LONDON – Japan Airlines’ (JAL) new LCC unit is one step closer to becoming a reality. The Japanese carrier is looking to significantly increase the seat density of two of its Boeing 787-8 Dreamliner aircraft and assign them to the new LCC spinoff.
Japan Airlines aims to put this LCC into markets across Asia, Europe, and America.
The LCC holding company was formally established on August 2, 2018, under the company name TBL Co. Ltd.
The headquarters are to be at Tokyo-Narita Airport.
Leading the airline into this new direction is JAL’s VP of Global Sales, Steve Smith, who has assigned Shinto Nishida as the representative director.
Smith said to those at the Boyd Group International Aviation Forecast Summit that the LCC market share in Asia is practically the same for North America and Europe. “One in every two seats,” Smith says, pointing at a 50% share between full service and LCCs.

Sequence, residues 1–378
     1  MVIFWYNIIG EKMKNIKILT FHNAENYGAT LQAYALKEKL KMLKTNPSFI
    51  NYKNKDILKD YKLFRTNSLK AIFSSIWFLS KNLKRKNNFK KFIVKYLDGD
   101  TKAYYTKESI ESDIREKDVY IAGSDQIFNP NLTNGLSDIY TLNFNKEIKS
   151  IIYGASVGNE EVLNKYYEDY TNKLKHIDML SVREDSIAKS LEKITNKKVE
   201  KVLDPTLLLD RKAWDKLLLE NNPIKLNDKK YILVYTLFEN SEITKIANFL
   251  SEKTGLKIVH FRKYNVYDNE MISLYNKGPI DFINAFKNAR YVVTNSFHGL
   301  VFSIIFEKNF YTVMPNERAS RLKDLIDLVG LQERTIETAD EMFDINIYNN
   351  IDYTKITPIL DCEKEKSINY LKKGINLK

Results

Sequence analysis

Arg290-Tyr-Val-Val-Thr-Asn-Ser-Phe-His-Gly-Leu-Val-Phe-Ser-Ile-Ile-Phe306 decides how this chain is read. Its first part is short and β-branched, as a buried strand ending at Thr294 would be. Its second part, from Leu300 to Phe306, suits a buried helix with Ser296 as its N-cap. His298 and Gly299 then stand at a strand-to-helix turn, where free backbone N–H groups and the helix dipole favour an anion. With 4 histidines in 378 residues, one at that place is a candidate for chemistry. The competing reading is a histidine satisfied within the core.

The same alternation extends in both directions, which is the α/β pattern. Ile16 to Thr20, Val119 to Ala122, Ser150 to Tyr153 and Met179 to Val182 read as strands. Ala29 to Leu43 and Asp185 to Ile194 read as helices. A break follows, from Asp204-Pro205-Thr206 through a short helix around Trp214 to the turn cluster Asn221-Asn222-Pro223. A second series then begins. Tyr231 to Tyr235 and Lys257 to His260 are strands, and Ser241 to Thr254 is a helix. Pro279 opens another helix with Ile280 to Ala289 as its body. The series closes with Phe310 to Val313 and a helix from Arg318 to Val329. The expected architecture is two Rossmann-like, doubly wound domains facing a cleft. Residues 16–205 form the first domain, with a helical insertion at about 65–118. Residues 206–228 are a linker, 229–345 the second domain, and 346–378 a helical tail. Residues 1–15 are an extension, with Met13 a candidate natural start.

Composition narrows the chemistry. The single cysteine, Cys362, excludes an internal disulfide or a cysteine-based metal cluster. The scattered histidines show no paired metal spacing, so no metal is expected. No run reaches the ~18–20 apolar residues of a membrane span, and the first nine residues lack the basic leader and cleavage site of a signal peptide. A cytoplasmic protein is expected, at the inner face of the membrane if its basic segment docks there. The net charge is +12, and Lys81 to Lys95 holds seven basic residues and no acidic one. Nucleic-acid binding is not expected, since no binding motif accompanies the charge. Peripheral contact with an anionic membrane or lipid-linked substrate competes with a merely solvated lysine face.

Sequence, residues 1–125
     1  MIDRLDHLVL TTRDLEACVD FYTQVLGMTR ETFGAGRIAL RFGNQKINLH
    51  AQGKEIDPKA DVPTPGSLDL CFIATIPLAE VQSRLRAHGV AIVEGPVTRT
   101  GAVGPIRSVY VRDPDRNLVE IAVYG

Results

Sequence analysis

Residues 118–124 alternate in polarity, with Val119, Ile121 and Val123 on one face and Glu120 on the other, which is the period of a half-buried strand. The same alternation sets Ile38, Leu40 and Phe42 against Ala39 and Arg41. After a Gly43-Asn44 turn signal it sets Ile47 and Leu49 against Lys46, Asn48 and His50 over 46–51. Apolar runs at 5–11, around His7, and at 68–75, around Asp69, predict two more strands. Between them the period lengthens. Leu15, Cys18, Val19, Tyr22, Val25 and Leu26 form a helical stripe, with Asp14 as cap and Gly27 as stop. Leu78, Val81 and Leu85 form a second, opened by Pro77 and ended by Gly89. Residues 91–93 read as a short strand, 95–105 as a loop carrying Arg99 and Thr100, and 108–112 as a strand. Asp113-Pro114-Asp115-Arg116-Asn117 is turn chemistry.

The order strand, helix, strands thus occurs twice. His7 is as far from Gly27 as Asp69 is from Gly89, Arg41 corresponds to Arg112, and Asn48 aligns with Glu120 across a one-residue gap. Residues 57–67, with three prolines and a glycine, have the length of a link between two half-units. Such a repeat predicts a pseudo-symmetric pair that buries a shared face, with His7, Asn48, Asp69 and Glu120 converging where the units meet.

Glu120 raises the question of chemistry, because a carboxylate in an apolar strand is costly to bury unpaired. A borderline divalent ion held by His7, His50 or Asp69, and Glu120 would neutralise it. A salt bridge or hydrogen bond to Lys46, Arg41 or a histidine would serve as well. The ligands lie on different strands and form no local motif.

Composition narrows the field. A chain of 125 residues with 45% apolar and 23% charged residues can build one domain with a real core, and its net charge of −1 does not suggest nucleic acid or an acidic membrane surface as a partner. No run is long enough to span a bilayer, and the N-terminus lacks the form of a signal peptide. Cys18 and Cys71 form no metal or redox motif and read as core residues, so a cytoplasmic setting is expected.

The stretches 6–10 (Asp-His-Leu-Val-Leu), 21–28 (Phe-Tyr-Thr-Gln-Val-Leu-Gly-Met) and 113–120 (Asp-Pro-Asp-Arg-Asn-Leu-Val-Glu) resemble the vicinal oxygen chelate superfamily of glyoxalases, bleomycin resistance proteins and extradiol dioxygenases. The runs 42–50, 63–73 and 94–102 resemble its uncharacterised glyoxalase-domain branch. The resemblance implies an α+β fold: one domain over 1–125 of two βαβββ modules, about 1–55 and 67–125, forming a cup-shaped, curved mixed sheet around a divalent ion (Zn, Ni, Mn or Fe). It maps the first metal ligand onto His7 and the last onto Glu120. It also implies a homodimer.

Smith also said that JAL is a “high-yield carrier and we are missing out on a big part of the market.”
The low-cost carrier is set to commence operations in the Summer of 2020, in time for the Olympic games in Tokyo.
The airline will operate two 787-8s with the intention of hitting the 290-300 seat range. In comparison, JAL has one of the industry’s least dense configurations on their Dreamliners, offering between 161 and 186 seats.
The low-cost carrier is part of JAL’s strategy of expanding the number of cities they intend on serving.
The group wishes to increase the number of cities from 343 to 500 as well as making non-Japenese revenues hit a target of 50%.
This strategy is aligned with Japan’s current social crisis, where more than 30% of the Japanese population is 65 or older. The airline plans to stimulate the overseas market and bringing people into Japan.
With this, the full-service airline market in Japan seems to be reaching its maximum
The airline has not disclosed which routes will be served first. However, it is likley that destinations where young travelers with more restricted budgets during peak season will be the airline’s first targets.